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Self advocacy within a health context is about having your needs met and feelings acknowledged. Patients and their families can often feel this a difficult role as they try to balance their personal desire for information against the feeling of being a burden to the system.

Cleft New Zealand can coach you with skills and give you an opportunity to practise strong yet fair self advocacy. There are also courses that can help you learn the skills you need to become a competent self advocate.

The best place to start to resolve a conflict with any service provider is the person themselves. Explain what you think the problem is and how you would like it to be put right. Give them the chance to work with you to resolve this and understand further the reasons behind the conflict from another’s perspective.

IEP Individual Education Plan

You may need to continue your child’s advocacy in the education system. An IEP is a chance for you to meet the school and any specialist therapists involved in your child’s development to agree on a plan for your child.

Parent to Parent run seminars on IEPs, but remember very few of our children require this.

You can still be a quiet, polite effective advocate for your child at school by just being there. Get to know your child’s teacher, help them to get to know your child and their unique needs. Have your teacher become your eyes and ears at school and together you will be able to meet any challenge.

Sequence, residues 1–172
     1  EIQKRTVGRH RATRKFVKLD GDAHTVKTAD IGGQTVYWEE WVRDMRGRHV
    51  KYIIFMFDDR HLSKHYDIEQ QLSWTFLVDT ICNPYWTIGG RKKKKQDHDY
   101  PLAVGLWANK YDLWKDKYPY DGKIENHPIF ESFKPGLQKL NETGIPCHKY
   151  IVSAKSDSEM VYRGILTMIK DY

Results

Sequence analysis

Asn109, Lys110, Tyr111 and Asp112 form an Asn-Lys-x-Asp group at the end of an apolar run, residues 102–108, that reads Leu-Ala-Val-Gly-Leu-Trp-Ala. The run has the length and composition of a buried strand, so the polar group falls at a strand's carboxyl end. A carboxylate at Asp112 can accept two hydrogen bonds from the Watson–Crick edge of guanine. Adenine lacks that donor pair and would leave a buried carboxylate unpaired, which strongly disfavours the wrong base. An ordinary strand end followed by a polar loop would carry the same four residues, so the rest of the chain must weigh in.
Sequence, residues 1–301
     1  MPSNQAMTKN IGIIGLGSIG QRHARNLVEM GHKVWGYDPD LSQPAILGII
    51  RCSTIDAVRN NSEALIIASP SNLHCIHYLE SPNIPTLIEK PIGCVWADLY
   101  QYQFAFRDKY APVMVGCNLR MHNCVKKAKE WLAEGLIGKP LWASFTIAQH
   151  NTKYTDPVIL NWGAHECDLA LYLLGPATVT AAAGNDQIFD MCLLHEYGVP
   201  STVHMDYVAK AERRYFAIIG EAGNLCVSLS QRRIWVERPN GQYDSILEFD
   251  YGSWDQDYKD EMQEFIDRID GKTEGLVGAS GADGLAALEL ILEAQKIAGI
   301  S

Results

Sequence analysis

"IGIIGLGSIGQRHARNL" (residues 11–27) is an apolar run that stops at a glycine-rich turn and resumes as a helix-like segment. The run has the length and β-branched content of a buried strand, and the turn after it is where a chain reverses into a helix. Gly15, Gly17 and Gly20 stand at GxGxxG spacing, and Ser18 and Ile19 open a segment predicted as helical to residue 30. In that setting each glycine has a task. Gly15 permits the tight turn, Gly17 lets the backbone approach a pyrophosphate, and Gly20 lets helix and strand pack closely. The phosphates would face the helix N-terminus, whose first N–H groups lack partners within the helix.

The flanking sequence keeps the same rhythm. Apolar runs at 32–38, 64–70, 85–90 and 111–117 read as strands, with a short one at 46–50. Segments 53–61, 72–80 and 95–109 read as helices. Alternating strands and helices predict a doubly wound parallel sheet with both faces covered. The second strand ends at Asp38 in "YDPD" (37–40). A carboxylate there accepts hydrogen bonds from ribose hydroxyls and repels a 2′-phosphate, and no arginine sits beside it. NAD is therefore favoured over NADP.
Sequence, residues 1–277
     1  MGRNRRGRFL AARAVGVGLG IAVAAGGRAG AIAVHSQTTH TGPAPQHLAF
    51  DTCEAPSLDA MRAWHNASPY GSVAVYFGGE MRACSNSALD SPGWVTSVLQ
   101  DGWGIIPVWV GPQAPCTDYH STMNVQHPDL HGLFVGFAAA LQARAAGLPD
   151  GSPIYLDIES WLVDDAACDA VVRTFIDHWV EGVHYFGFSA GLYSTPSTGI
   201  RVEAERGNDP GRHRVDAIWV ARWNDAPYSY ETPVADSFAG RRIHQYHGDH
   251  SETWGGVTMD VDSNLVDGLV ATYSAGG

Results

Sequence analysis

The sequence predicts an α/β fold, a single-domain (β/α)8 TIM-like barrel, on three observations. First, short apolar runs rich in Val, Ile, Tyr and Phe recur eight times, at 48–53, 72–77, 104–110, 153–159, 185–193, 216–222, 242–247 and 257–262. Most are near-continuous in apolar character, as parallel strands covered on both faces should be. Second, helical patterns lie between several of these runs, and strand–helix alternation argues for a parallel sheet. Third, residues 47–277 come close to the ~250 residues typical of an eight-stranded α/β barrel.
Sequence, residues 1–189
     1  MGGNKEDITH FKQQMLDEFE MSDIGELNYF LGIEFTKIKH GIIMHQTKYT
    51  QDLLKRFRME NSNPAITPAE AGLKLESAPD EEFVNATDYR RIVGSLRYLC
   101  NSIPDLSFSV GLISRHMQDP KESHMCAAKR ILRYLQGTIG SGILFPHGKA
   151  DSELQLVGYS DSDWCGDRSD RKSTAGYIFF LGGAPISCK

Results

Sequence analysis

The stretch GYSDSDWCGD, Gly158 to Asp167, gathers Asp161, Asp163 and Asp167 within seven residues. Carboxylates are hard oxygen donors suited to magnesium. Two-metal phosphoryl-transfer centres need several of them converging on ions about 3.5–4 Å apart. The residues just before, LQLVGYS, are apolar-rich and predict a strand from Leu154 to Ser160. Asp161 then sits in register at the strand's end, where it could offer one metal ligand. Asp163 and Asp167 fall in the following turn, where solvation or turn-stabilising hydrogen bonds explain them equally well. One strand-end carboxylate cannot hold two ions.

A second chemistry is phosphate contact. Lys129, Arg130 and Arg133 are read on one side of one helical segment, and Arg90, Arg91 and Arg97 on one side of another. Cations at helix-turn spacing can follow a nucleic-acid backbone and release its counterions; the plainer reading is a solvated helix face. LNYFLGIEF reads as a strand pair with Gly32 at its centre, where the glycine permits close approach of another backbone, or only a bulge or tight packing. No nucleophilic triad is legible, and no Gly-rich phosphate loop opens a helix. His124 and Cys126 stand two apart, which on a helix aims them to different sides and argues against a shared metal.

System advocacy

Cleft NZ also does advocacy on behalf of our members. This is where we take individual experience and aggregate it into a collective view. Systemic advocacy is always interested in the big picture and how a health system interacts with those it serves. We believe in advocacy that is ‘collaborative’, which means that patients, families and professionals all have valid viewpoints and valuable insights to offer in improving the overall outputs of a system.

Complaints processes

All hospitals have their own complaints procedure. Please refer to your hospital’s website. This is usually a formal process which requires your complaint to be put in writing.
If you are thinking of doing this, there are people who can help you:

  • Cleft New Zealand 0800 4 CLEFT ()
  • Health and Disability Commissioner 

Health and Disability Commission provides a freephone service you can ring to talk through your issue and get advice on how best to move forward. They also have advocates who can support you to resolve a conflict. Finally they have a complaints resolution process with an investigation process. All these services are free.

Your rights

  • Right 1: the right to be treated with respect
  • Right 2: the right to freedom from discrimination, coercion, harassment, and exploitation
  • Right 3: the right to dignity and independence
  • Right 4: the right to services of an appropriate standard
  • Right 5: the right to effective communication
  • Right 6: the right to be fully informed
  • Right 7: the right to make an informed choice and give informed consent
  • Right 8: the right to support
  • Right 9: rights in respect of teaching or research
  • Right 10: the right to complain